Krauss does not seem to realize that his concept of God is one that no intelligent monotheist would accept. His “God” is the soft-target “God of the gaps” of the “I can’t understand it, therefore God did it” variety. As a result, Krauss, like Dawkins and Hawking, regards God as an explanation in competition with scientific explanation. That is as wrong-headed as thinking that an explanation of a Ford car in terms of Henry Ford as inventor and designer competes with an explanation in terms of mechanism and law. God is not a “God of the gaps”, he is God of the whole show.
Having read both articles, I have to say that Lennox is absolutely right in his critique of Krauss. Scientific discoveries tell us more about how the universe works, with the promise of yet more to come. But this in no way undermines Lennox’s vision of God as “God of the whole show”. On the contrary, from his point of view, our growing understanding of the laws of nature is at the same time growing evidence of the majesty of God’s design. Henry Ford’s production line works, and there are natural explanations for how it works, but it only works because of the way it was set up in the first place. In the same way, according to Lennox , the universe works, and there are natural explanations for how it works. The detection of the Higgs boson helps confirm our understanding of these natural explanations. However, this for Lennox does not detract from God’s glory, but adds to it.
Lennox is part here of a rich and venerable intellectual tradition. It was a 19th century theologian, Henry Drummond, who in as many words rejected the concept of a “God of the gaps”, for much the same reasons as Lennox, and not merely because the gaps were (and are) shrinking. I would trace this line of thought back even further, to the 11th century philosopher and polymath al-Ghazali, who taught that the laws of nature are required to be constant because they reflect the will of God, which is itself perfect and unchanging. And for me, as for many other intelligent atheists, the coherence of the laws of nature is the most nearly compelling of the arguments for the existence of God.
Then why in the name of all that’s holy is Lennox associating himself with the likes of Douglas Axe and the U.K.’s own self-styled Centre for Intelligent Design? Having stated that no intelligent monotheist would argue for a God of the gaps, why is he linking himself to people who by that very criterion must be lacking in intelligence (or monotheism)?
Axe is director of the Biologic Institute, a research organisation operating under the auspices of the Seattle-based Discovery Institute, those wonderful people who brought you the Wedge Strategy for the undermining of current scientific explanation in favour of “theistic understanding”. The Biologic Institute itself is dedicated to attacking the entire present-day science of evolutionary biology, in order precisely to look for gaps that the God of the gaps can plug. Douglas Axe is also one of the authors of Science and Human Origins, a Biologic Institute publication. This book is not merely a concerted attack on the scientific arguments for a common origin of humans and [other] apes, but an attempt to reconcile the evidence from molecular biology with the view that all humankind is descended from a single breeding pair who lived 6000 years ago (why would anyone want to suggest that?) Yet Lennox is sharing a platform with Axe this autumn, and doing so at a conference being held under the auspices of the Centre for Intelligent Design.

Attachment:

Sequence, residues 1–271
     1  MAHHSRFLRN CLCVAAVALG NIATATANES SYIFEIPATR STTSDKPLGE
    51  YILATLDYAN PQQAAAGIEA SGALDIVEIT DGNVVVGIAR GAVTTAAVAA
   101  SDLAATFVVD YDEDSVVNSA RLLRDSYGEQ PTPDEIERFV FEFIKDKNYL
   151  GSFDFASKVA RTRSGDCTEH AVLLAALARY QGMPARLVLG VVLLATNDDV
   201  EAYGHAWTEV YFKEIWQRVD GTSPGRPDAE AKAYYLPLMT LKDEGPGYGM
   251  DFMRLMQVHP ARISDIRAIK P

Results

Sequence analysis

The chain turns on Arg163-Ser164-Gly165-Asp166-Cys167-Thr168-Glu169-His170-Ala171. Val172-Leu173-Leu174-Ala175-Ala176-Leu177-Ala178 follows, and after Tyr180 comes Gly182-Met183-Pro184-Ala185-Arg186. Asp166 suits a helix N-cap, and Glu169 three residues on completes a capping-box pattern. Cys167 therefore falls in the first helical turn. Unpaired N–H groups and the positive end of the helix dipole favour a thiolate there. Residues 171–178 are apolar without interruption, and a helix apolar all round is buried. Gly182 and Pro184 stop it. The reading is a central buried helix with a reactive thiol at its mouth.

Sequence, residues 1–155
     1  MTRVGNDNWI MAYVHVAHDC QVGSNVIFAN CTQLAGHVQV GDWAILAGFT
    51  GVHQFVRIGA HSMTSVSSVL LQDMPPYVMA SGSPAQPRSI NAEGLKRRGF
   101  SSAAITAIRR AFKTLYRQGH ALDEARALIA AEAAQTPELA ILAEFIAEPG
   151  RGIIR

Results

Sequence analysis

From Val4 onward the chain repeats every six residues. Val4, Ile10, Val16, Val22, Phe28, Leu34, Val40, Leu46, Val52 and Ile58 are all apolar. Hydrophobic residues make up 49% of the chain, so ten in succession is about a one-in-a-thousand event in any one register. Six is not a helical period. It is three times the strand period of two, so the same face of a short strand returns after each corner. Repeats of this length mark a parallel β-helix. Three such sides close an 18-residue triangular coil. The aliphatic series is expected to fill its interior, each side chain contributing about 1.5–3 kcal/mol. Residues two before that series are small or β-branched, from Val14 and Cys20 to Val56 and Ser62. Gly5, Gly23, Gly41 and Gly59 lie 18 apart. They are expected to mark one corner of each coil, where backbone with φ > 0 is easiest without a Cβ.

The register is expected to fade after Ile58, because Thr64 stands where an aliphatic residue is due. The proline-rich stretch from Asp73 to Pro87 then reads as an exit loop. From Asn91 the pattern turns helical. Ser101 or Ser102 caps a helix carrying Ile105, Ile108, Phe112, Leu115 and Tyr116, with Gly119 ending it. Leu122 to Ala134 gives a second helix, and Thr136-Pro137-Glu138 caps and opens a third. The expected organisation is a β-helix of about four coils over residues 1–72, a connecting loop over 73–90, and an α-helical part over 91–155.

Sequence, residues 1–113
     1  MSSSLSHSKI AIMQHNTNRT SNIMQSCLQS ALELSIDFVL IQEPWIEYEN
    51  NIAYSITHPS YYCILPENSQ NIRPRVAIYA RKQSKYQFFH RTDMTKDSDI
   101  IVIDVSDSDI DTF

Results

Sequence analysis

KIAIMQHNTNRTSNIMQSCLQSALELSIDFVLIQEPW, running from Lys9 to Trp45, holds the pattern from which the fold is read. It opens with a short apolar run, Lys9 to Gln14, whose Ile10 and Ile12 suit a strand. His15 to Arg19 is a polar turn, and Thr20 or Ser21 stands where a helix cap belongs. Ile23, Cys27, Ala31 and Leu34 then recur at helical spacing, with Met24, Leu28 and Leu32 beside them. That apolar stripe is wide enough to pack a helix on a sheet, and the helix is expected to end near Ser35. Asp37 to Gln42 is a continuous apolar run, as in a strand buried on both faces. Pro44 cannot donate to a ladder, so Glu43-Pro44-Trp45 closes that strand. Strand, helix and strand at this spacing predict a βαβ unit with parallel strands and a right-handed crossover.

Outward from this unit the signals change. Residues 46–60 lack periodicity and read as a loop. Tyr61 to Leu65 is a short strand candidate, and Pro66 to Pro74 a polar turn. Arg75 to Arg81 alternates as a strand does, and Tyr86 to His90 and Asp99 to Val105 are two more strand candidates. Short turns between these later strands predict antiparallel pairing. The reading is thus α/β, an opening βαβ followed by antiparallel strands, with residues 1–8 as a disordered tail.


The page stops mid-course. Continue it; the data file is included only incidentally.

If there is anything even more inimical to Lennox’s vision of “God of the whole show” than the antics of Axe in trying to generate gaps, it is the doctrine espoused by Norman Nevin, Chairman of the Centre. Nevin is a biblical literalist, who holds that death came into the world as the result of human sin. An intelligent monotheist, as Lennox uses the term, has no business supporting such people. This is not a matter of religious belief or unbelief, but of logic and the acceptance of reality.
To pursue the Ford analogy further, Lennox believes that the car works because it is well designed, Axe believes that it works because there is a miracle-working mechanic inside the gearbox, and Nevin believes that it was sabotaged by the drivers’ grandparents.
At the risk of annoying two Oxford professors at once, I would suggest that Lennox, with his reverence for the works of the Lord, is much closer to Richard Dawkins with his appreciation of the magic of reality, than he is to the gap-seekers and evolution deniers of C4ID and the Discovery Institute. You can have an intelligent Designer, or you can have what now goes by the name of Intelligent Design, or like me you can have neither, but you cannot possibly have both.